On the 22d of August 1898, President McKinley, by proclamation, called for one hundred and twenty-five thousand volunteers, and the governor of Idaho also issued a similar proclamation. Every company of the Idaho National Guard responded to the call, and from May 7 to May 14, 1898, the companies were mustered into the service of the United States as Companies A, B, C, D, E, F, G and H, First Idaho Volunteers. General McConville was appointed by the governor to the rank of major of the second battalion, and the troops left Boise May 18th, sailing from San Francisco for the Philippine islands, June 27, 1898. He was accompanied by his son Harry, a youth of seventeen years, who enlisted in Company B, and with his father went to Manila as color-bearer of the regiment. The deeds of valor and heroism of the Idaho volunteers from that July day in 1898, when the Morgan City reached Manila bay, is a matter of history. In every case they have covered themselves with glory and have reflected credit upon the state and country which they represent.
It was on the 5th of February 1899, that General McConville fell, while leading his battalion in a charge. No braver man ever lived. When he was shot he was standing on a little knoll in front of his battalion and had just fired a rifle that had dropped from the hands of a fatally wounded soldier. At the same time a Mauser bullet entered his body under his right arm, passed entirely through his body and came out under the left arm, while another ball struck his shoulder. He fell, and Adjutant Roos and Lieutenant Martinson, commanding Lewiston’s company, ran to him and carried him off the field.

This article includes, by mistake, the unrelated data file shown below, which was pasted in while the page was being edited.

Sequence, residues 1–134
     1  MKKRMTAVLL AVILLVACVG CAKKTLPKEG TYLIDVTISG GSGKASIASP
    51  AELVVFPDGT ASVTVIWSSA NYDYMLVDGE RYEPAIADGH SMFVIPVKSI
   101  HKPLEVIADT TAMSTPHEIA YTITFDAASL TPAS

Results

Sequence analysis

As he was being borne along he said with a smile: “It was glorious! the Idaho boys are covering themselves with glory!” He was taken to the field hospital, where his son Harry was by his side and closed the eyes of the noble father. He was brevetted brigadier general be-fore he died, in recognition of his great bravery and gallant service. His last words were ad-dressed to his son: “Go home and take care of your mother. Tell my wife and the children I died for my country.” His remains were brought home, attended by the son, who was discharged in order that he might return to his mother with the father’s body, and such a burial was given him as had never before been accorded any citizen of Idaho. Every possible tribute of respect and love was paid him, and with military honors he was laid to rest. The governor of Idaho in acknowledgment of Harry McConville’s fidelity to his father and to his country, commissioned him a colonel of the National Guard of the state, an honor never before conferred upon one so young. It was a token of Idaho’s high appreciation of the noble father and of the son’s devotion to the father and the starry flag. Hon. James W. Reid, of Lewiston, presented the commission at the funeral of the General, and pronounced the eulogy upon the dead hero who four times entered his country’s service and valiantly battled for its interests. “His life was noble, and the elements so mixed in him that Nature might stand up and say to all the world, ‘This was a man.”